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2008 Peoria Hummingbird Festival

Saturday, August 23 

Vern Kleen emphasized that the nest of the ruby-throated hummingbird is made from spider webs and is well camouflaged with lichens and hard to find.  The female hummer collects the silk strands of spiderweb and winds them around plant parts.  The cup is filled with with plant down and expands slightly as the hummingbird nestlings (usually 2) grow. 

Alex & Blake Admire Hummingbird Nest

In the above image, Alex and Blake were fascinated by the small size of the hummingbird nest. 

Hummingbird Bands Stored on Safety Pin

Vern indicated that when he receives the hummingbird bands, he has to meticulously cuts them out of a card with a razor blade.  He then stores the bands on a safety pin prior to carefully clamping the band onto the hummingbird's leg. 

Examining Band on Hummingbird's Leg

Vern is examining the band after affixing it to the hummer's leg.  In the image, he is showing the banded hummingbird to the crowd.  Note that the jar for "Adopt-a-Bird" donations are in the background.  100% of the funds go to purchase habitat land by the Illinois Audubon Society.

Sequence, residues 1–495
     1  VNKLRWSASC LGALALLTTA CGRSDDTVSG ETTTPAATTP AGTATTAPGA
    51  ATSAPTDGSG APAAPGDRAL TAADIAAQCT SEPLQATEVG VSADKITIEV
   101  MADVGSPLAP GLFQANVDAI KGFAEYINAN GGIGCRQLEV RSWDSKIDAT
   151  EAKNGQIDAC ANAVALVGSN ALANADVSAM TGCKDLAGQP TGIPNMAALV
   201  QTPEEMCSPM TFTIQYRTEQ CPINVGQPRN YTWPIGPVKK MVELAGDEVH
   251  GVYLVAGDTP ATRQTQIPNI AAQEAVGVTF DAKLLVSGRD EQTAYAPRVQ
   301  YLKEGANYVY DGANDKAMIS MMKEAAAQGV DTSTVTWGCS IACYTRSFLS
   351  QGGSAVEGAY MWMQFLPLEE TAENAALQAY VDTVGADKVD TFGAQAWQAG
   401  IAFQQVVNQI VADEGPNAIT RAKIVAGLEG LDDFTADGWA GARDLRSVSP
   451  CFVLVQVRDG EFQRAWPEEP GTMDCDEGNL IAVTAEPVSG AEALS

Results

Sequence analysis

Showing Banded Hummingbird to Crowd


Feeling Heartbeat of Hummingbird

Many of the festival participants got to feel the hummingbird's 1200 beat per minute heartbeat. 

Feeling Heartbeat of Hummingbird

Everyone wanted to see the Hummingbird

Karen Boone Releasing her Adopted Hummingbird

John Mullen and Helper Transport Hummingbirds

John Mullen, Assistant Chief Naturalist of the Peoria Park District and a volunteer are helping remove and transport captured hummingbirds to the banding table.  The hummingbirds are transported in the pink cloth bags.  This way, the hummingbirds are kept quiet and calm.  According to Verne, when captured, the birds enter a torpor, which is a very quiet state whereas the birds expend little energy.  John, who is on the board of Peoria Audubon Society, was one of the event organizers. 

The Peoria Audubon Society wishes to thank the Peoria Park District and Illinois Audubon Society for taking the time and energy to bring this event together.  As a result, all of Central Illinois is enriched by the experience and the science and knowledge of hummingbird populations benefits

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